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September 10, 2012
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Indianapolis-based St. Vincent Health will manage operations at Monroe Hospital in Bloomington under an agreement announced Sept. 4. Adding Monroe gives St. Vincent control of hospitals stretching from Indianapolis to Bedford and even farther south to Salem and Evansville. St. Vincent owns or operates 22 hospitals around the state. The only other Indiana hospital with that kind of geographic reach is Indianapolis-based Indiana University Health, which owns Bloomington Hospital. St. Vincent will oversee quality and safety efforts, physician relations, patient experience, finance and other functions to increase efficiency and reduce costs. The 32-bed facility, which opened in 2006, is owned by Alabama-based Medical Properties Trust Inc. Monroe has routinely lost money, including a loss of $13.2 million in 2011, according to hospital reports to the federal Medicare program, made available by the website AHD.com. Monroe had total patient revenue last year of $102.4 million. The hospital had been courting potential partners or buyers for at least two years. It entered discussions not only with St. Vincent, but also with Mishawaka-based Franciscan Alliance and Munster-based Community Healthcare System.

Nyhart Actuary & Employee Benefits has established its first office on the West Coast with its latest acquisition. Nyhart will add 15 employees by acquiring San Diego-based Epler Co., a regional actuarial, employee benefits and compensation-strategies firm. Nyhart now has 100 employees, including 70 at its headquarters in Indianapolis. Financial terms of the deal were not disclosed. The deal gives Nyhart new expertise on employee compensation, which it hopes will help bolster its pension business for private, church and public plans. Nyhart serves plans with $15 billion or more in assets, providing fund analysis, advisory services on employee compensation and retirement benefits, and actuarial work on health care issues. It is the third acquisition Nyhart has made in the last two years.

Tymora Analytical Operations LLC has received a $150,000 grant from the National Institutes of Health. The West Lafayette-based company will use the money to develop nanotechnology products that aim to help researchers analyze the adding of phosphate molecules to proteins in the body, a process that plays a role in cancer, Alzheimer’s disease and other maladies. Tymora’s leading product would allow researchers to detect multiple changes to proteins in a single experiment. The 2-year-old company has been funded by a grant from the National Science Foundation, an investment by Purdue’s Emerging Innovations Fund and winnings from business plan competitions.

Riley Hospital for Children at Indiana University Health will now make its pediatric specialists available at The South Bend Clinic. Riley specialists in cardiology, diabetes, gastroenterology, neurology and rheumatology will see patients from throughout the northern Indiana and southern Michigan regions. Riley's hospital facility in downtown Indianapolis treats children from all over Indiana and beyond the state's borders.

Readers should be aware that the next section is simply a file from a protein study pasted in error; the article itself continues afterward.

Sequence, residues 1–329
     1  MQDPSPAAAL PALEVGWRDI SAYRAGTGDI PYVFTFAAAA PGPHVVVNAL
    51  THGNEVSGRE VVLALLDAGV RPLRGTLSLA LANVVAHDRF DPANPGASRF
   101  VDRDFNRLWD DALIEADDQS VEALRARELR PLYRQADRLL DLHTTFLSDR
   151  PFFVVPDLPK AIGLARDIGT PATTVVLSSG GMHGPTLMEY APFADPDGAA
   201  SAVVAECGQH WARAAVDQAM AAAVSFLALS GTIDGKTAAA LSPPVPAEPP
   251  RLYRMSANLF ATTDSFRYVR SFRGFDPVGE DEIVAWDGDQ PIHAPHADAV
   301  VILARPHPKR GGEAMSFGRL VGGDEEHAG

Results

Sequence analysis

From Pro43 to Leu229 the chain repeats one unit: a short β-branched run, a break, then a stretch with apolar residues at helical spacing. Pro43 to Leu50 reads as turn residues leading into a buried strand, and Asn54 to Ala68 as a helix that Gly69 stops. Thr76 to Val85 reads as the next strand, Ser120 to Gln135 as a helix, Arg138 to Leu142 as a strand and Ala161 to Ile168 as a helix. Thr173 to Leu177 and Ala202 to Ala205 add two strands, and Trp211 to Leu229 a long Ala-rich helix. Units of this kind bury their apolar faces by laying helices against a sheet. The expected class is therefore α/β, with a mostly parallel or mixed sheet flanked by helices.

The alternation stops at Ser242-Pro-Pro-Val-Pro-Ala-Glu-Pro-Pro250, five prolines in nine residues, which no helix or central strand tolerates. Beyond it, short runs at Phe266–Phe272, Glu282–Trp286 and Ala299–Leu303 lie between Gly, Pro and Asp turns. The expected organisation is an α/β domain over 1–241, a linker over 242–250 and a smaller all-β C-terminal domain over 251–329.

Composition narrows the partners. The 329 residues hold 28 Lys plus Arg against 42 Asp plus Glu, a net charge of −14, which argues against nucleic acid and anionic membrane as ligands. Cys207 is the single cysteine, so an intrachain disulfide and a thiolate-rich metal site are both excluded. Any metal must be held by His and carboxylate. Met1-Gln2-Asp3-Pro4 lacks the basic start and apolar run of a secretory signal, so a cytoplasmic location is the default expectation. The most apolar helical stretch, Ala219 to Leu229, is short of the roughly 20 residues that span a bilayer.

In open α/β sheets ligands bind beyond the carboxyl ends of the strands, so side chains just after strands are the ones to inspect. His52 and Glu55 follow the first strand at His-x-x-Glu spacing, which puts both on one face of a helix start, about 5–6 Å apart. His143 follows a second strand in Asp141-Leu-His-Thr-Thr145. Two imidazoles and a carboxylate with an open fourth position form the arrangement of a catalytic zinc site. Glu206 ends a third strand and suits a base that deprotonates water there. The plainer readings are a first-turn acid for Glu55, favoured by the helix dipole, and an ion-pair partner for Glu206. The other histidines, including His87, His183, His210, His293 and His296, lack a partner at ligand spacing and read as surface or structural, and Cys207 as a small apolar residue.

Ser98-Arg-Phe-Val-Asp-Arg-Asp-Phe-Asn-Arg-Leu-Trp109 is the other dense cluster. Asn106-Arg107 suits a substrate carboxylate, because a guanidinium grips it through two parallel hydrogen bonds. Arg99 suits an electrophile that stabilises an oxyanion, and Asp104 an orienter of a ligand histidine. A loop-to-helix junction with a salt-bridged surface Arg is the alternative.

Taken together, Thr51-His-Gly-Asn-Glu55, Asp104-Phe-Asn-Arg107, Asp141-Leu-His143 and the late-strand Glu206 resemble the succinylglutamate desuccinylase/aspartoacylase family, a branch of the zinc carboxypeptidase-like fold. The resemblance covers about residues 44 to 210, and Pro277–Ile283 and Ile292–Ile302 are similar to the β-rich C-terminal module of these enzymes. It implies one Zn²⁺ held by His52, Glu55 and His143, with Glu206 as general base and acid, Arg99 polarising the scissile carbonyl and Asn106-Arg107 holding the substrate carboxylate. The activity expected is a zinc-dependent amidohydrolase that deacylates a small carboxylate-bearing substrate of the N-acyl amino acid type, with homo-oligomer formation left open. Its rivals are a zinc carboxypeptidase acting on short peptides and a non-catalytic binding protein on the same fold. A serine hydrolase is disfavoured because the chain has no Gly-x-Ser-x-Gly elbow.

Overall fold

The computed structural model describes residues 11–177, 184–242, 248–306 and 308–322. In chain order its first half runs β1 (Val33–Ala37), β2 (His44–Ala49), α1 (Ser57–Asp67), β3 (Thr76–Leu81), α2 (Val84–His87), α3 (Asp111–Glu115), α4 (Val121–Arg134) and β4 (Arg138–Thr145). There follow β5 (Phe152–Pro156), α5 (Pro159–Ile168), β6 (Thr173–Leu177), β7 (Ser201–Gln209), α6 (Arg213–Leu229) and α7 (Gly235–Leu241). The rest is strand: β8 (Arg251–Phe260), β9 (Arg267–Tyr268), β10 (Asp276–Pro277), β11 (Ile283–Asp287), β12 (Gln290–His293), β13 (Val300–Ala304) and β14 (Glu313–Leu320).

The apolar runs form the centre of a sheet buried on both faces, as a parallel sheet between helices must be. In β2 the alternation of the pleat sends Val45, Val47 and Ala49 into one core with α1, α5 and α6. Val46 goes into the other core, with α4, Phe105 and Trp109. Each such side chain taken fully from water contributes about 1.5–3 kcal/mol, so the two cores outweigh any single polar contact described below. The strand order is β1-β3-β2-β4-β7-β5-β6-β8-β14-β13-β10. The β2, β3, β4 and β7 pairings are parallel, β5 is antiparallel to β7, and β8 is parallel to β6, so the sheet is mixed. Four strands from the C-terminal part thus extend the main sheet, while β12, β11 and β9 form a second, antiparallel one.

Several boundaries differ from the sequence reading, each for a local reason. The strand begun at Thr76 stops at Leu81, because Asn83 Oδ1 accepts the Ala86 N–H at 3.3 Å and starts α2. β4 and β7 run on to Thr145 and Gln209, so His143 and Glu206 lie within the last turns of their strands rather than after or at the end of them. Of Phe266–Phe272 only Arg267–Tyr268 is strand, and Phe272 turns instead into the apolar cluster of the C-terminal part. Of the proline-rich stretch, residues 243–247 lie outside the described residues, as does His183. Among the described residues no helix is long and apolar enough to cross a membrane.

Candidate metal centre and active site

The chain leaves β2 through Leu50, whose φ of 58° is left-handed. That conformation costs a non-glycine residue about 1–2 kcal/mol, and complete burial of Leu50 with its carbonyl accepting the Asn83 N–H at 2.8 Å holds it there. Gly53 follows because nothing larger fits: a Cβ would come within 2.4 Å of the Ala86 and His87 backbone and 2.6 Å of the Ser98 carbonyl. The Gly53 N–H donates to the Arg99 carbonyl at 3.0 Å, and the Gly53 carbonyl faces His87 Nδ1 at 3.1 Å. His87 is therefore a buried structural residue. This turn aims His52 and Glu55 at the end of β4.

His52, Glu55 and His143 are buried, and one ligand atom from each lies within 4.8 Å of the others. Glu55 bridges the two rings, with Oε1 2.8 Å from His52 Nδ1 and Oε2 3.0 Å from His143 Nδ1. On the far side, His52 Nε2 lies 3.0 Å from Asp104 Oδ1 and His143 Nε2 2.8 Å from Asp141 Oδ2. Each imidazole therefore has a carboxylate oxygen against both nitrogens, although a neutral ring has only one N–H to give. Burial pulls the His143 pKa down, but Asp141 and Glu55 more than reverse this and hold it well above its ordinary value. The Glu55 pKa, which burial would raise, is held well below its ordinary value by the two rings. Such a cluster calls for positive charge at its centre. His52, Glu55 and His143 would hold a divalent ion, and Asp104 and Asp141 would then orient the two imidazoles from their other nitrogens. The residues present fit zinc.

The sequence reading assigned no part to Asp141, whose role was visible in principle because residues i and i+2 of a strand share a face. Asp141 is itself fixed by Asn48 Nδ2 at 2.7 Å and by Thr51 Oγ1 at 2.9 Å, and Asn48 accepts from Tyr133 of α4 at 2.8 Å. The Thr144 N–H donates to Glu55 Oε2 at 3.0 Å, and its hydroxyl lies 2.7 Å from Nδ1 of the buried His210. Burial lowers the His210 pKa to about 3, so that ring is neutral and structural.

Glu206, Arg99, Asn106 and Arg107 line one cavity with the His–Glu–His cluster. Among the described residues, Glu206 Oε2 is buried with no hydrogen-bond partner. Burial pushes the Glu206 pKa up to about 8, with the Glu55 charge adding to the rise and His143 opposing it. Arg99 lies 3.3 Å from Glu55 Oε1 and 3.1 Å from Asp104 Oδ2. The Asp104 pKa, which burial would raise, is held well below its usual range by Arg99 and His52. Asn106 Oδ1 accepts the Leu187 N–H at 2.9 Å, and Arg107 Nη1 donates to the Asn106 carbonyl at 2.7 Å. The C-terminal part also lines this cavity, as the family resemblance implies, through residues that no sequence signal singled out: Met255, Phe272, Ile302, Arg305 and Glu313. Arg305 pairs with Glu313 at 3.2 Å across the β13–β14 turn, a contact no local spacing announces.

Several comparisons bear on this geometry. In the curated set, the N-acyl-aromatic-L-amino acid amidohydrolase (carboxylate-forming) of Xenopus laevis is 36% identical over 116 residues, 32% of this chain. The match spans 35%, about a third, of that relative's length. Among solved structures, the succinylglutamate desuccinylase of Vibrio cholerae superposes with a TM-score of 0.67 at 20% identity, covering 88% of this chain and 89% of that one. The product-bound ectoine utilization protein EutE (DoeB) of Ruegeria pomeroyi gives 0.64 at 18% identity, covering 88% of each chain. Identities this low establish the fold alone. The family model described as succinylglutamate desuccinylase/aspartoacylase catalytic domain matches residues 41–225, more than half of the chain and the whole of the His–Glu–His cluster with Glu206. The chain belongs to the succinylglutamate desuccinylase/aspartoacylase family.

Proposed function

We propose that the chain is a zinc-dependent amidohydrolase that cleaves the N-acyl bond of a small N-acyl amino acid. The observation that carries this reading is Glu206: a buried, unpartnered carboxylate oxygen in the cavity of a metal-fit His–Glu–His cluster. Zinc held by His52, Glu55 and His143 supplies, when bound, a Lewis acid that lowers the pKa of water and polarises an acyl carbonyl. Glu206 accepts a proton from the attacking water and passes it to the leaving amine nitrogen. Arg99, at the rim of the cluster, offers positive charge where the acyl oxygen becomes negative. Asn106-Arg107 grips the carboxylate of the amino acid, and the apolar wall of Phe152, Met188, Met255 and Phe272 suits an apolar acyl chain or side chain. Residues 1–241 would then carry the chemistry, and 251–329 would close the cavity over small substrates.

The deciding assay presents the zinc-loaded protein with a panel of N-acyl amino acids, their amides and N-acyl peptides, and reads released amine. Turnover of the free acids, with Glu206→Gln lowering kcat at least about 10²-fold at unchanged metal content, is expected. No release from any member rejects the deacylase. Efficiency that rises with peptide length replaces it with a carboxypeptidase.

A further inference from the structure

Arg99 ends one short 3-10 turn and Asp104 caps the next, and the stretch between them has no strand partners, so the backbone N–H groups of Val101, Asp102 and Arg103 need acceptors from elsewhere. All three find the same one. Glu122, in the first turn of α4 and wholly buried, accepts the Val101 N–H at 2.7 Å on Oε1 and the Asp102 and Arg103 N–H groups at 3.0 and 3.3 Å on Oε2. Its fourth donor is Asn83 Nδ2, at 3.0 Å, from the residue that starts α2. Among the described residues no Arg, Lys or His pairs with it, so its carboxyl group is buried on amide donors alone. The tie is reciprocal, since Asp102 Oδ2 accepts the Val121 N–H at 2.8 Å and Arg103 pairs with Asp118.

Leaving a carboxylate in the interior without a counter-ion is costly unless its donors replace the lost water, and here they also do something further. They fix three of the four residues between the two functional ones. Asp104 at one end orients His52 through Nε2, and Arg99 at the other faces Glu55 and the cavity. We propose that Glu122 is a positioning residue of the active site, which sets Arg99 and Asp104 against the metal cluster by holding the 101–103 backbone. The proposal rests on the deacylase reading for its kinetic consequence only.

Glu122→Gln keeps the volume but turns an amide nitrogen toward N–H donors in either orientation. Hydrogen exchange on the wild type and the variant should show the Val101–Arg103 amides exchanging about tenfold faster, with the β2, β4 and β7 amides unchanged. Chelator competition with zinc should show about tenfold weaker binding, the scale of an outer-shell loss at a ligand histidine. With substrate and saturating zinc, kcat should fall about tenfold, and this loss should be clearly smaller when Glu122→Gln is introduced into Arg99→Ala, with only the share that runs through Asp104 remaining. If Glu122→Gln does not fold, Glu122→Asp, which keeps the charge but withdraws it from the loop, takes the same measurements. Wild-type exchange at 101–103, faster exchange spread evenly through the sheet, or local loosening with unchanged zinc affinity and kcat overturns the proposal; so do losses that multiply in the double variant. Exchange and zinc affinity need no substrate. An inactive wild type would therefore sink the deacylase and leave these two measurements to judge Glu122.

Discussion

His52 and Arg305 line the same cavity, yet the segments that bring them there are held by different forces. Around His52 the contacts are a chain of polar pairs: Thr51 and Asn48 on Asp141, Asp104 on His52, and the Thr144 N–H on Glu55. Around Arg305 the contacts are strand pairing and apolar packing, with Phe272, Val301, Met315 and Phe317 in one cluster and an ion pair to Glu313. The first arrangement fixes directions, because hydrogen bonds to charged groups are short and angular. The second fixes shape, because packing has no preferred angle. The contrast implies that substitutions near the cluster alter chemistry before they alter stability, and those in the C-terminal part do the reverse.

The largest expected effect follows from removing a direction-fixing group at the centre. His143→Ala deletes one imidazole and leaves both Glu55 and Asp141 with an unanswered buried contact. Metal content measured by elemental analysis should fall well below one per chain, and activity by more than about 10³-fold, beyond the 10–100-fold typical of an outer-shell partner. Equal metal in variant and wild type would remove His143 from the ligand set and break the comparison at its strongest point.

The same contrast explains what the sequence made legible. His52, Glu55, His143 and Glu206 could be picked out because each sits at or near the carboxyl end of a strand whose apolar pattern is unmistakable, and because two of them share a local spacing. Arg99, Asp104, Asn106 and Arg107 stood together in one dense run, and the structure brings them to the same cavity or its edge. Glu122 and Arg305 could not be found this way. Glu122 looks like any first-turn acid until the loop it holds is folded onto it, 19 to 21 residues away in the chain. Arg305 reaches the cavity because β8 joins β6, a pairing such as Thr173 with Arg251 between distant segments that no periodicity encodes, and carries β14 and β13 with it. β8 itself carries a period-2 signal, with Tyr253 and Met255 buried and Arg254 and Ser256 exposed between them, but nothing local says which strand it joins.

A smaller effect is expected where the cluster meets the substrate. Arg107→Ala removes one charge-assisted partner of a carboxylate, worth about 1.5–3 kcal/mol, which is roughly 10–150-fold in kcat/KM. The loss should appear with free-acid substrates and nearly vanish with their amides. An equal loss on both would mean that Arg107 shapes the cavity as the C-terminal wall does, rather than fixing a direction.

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  1. Kent's done a good job of putting together some good guests, intelligence and irreverence without the inane chatter of the other two shows. JMV is unlistenable, mostly because he doesn't do his homework and depends on non-sports stuff to keep HIM interested. Query and Shultz is a bit better, but lack of prep in their show certainly is evident. Sterling obviously workes harder than the other shows. We shall see if there is any way for a third signal with very little successful recent history to make it. I always say you have to give a show two years to grow into what it will become...

  2. Lafayette Square, Washington Square should be turned into office parks with office buildings, conversion, no access to the public at all. They should not be shopping malls and should be under tight security and used for professional offices instead of havens for crime. Their only useage is to do this or tear them down and replace them with high rise office parks with secured parking lots so that the crime in the areas is not allowed in. These are prime properties, but must be reused for other uses, professional office conversions with no loitering and no shopping makes sense, otherwise they have become hangouts long ago for gangs, groups of people who have no intent of spending money, and are only there for trouble and possibly crime, shoplifting, etc. I worked summers at SuperX Drugs in Lafayette Square in the 1970s and even then the shrinkage from shoplifting was 10-15 percent. No sense having shopping malls in these areas, they earn no revenue, attract crime, and are a blight on the city. All malls that are not of use should be repurposed or torn down by the city, condemned. One possibility would be to repourpose them as inside college campuses or as community centers, but then again, if the community is high crime, why bother.

  3. Straight No Chaser

  4. Seems the biggest use of TIF is for pet projects that improve Quality Of Life, allegedly, but they ignore other QOL issues that are of a more important and urgent nature. Keep it transparent and try not to get in ready, fire, Aim! mode. You do realize that business the Mayor said might be interested is probably going to want TIF too?

  5. Gary, I'm in complete agreement. The private entity should be required to pay IPL, and, if City parking meters are involved, the parking meter company. I was just pointing out how the poorly-structured parking meter deal affected the car share deal.

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